The toilet always sets the tone. Smell– the first sense to emerge, even in utero– is our most dominant and most neglected receptor (except when the smell is impossible to ignore, then it reigns supreme). The hermitage loo wafted cedar and fresh air, slug and earth. Toilet paper rolled tight inside a Tupperwear; shovel and bucket of cedar chips smother the waste. Basic needs met, and beyond: a moon-shaped sunbeam glowed white on the back wall. Even a view, if one dared to leave the door open, which I did.
These three days would be simple. I’m here for the bountiful nothing. The bountiful nothing of all that grows and languishes all around and in me, too. Apples reddening on the boughs; field flowers drying to a grey. Spider webs assembled and disassembled. Just things changing form.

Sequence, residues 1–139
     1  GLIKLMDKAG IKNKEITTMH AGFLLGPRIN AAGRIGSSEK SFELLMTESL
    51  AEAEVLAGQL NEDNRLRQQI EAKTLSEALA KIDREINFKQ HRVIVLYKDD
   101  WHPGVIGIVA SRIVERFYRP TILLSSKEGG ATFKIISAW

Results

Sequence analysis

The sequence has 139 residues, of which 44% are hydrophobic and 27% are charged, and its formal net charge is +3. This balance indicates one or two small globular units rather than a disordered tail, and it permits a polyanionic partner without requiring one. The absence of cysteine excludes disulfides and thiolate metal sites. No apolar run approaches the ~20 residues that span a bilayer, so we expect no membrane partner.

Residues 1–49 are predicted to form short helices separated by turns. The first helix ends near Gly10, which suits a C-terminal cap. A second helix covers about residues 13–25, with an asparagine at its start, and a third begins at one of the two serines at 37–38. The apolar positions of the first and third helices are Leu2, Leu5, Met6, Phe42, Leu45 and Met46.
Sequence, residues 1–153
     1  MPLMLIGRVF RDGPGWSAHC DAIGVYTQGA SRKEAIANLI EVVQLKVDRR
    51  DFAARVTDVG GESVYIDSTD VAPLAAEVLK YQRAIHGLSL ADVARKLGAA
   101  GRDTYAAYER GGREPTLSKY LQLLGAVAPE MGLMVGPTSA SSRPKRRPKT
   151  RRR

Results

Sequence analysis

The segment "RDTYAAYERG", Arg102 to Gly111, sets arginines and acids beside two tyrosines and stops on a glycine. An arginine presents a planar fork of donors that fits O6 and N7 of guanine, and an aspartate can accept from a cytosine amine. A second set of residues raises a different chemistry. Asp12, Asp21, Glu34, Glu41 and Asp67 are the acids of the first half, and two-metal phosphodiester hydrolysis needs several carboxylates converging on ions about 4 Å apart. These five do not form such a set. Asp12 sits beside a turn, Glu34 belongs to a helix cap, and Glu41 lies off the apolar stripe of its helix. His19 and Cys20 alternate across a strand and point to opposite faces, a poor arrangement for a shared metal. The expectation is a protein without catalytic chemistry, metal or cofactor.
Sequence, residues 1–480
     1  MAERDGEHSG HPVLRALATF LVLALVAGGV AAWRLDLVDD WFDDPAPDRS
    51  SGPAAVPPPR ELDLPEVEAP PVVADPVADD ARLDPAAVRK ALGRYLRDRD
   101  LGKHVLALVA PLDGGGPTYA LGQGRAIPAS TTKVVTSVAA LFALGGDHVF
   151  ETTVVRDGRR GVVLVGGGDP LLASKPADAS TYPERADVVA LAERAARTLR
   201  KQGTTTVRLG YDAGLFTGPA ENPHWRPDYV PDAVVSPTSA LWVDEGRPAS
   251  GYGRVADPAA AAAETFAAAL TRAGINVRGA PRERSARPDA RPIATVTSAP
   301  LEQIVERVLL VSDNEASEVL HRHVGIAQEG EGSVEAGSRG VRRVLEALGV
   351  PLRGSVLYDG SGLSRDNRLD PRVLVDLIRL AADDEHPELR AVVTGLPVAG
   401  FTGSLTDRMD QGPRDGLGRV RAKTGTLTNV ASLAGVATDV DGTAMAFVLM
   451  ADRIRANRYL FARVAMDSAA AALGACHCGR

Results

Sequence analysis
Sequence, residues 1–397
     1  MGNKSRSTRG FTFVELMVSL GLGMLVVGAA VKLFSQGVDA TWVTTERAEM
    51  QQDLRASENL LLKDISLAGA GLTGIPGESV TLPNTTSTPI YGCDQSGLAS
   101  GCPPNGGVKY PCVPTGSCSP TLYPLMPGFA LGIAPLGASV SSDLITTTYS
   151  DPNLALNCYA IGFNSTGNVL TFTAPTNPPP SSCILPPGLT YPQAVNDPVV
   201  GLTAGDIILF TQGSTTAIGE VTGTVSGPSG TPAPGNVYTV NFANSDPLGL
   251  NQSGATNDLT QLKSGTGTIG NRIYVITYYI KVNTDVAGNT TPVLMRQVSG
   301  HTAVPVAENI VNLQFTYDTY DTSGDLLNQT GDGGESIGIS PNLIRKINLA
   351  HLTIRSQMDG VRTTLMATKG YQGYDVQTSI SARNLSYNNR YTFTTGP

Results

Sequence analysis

I would write, walk, sleep, write, walk, sleep with just me. I came here to get away from you.
I foraged for dandelions and wild edibles, ate an apple from the orchard floor, drank a jar of Chantalle’s juiced greens from a tin cup with a simple message.
I loved my alone time. For about a half-day.
You were everywhere– you, who came before me, now dead and alive (your private notes of hope and fear you left in the drawer of the writing desk (I read them one hundred times, resisted correcting your spelling errors), your pamphlets on ecology and spirituality and all your dreams as stewards of this land from decades before, your chocolate you left on the ledge above the camp stove, with an expiring date circled (you care about me) and the chair you placed at the perfect spot for the morning sun.)
You, just beyond the wildness of here: you, filling your cart with bananas and deli meat; you, parking your cart outside the washroom while you pee; you, scolding your child as you shop at the Walmart over there in that wildness across this field. You are here, too, sharing this same sunrise.